Long before the first art gallery, around 6000BC, the Halaf culture of modern day Turkey, Syria, and Iraq, invented the first stamp seals, a concept further developed by the Sumerian culture of the same region, who progressed to cylinder seals around 3500BC. Both were used for a similar purpose; signing a name, however the stone cylinders took advantage of the extra space to create more elaborate drawings which would print an impression when rolled over a clay tablet. It was basic, but humans had the ability to duplicate images as basic art prints at least 5000 years before Gutenberg was even born.
Far from being a bland signature, just like contemporary original artworks these these images represented a range of social and religious themes and concepts relevant to the society at the time, and were perhaps also representative of the person signing their name.
South American Olmecs came up with cylinder seals to dip into ink and roll over something like fabric or paper, whilst in Asia rubbings and wood block printing of fabrics developed in China and Japan around 700AD. Interestingly, religion consistently played a role; providing themes for cylinder seals, and appearing in Asian rubbings as Buddhist charms. Our own lenticular art print format owes something to religion too, often the subject of early lenticular print postcards and souvenirs.
Europe begins to catch up, and more recognisable prints emerge
In Europe, nobility began to use stamp seals, and woodcuts were used to create patterns on fabrics, around the same time as the east Asian countries, but by 1200 other factors were having an influence. Entrepreneurialism saw woodcuts being utilised to make products like playing cards, and finally, in 1418, we find something much more like a contemporary art print; a religiously themed woodcut named Madonna with Four Virgin Saints in a Garden.
However even this was something much more like a commercial poster than a work of art expressing anything; an image was commissioned, a designer drew it, and a cutter created the woodblocks for printing. Things began to change as print shifted to metal plates and intaglio printing a few decades later; requiring craftsmen like goldsmiths and armourers experienced in designing and creating themselves. Suddenly the entire process could be managed by a single artistic vision, and the true art print could begin to emerge.
It’s important to understand how rare it was for most people to own any kind of picture at this time; before printing, every image was a one-off original artwork direct from the artist, they were very much a luxury item, and the idea of owning an art print simply to admire its aesthetics was probably completely alien. Playing cards and religious images served a purpose; entertainment, and devotion to God, but one other kind of image was popular with a smaller audience; technical drawings and illustrations in factual books, which would have a significant effect.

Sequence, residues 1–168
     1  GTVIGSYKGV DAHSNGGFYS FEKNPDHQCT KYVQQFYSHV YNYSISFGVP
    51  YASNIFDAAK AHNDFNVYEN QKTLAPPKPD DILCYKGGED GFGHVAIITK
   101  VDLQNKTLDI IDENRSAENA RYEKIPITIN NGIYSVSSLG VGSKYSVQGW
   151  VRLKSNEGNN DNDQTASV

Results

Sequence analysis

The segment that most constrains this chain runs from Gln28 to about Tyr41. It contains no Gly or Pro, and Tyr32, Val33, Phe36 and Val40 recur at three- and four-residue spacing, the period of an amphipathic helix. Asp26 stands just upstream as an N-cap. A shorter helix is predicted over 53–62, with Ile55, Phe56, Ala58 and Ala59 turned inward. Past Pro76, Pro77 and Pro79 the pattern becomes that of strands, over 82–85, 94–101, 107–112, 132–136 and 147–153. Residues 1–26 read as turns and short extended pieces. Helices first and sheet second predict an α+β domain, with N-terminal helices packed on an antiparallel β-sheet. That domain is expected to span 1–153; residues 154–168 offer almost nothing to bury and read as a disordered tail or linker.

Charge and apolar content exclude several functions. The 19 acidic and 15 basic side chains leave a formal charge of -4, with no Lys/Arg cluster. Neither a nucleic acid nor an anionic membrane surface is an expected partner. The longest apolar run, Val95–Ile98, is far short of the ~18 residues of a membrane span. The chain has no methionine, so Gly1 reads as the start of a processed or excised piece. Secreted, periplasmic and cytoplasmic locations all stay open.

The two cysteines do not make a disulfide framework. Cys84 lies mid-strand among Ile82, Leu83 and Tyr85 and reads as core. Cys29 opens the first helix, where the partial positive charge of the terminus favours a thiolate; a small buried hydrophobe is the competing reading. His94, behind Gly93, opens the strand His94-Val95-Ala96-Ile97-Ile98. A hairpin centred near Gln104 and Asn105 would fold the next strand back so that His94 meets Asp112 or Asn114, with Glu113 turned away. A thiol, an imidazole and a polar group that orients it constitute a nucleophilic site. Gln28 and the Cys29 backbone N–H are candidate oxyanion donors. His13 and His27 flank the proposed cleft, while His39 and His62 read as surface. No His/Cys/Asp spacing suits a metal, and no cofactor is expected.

How printed illustration drove the Renaissance, and the first true art prints
Artists, and other creative minds like architects, eagerly absorbed technical illustrations; such information had in the past been mostly out of their reach, but print made it affordable. Suddenly artists could draw inspiration from endless examples of ornamental design, ancient Roman architecture, or Medieval figure studies, and incorporate it into their own artworks and ideas. Unsurprisingly, it wasn’t long before they began to see the potential for creating art prints themselves, and making their work available to a much larger audience than a handful of wealthy art collectors.
Demand drove supply, and many of the early examples of these art prints and illustrations covered subjects like classics, witchcraft, everyday life, and landscapes. Perhaps most importantly for the art world woodcuts, engravings, and etchings all helped communicate new ideas and styles around the artistic community. The result of this sudden ability to communicate visual ideas drove, at least in part, the Renaissance; artists were no longer isolated or dependent on commissions or wealthy buyers, suddenly they were all linked, and ideas about the decorative aesthetics that defined the Renaissance moved faster. Art prints also offered a whole new income stream, greatly democratising the collecting and production of art; things were no longer confined to a handful of private collections and art galleries.
Drypoint, engraving, and etching were all in use through the period, with engraving the most common in commercial print products such as books; and here the true art print market finally began to diverge and define itself. By the 1600s artists were focusing on etching, and artists like Rembrandt began to bring true artistic flair and emotion to art prints. But things were only just getting started; no one had figured out a true representation of shades of grey, and could colour art prints ever be possible?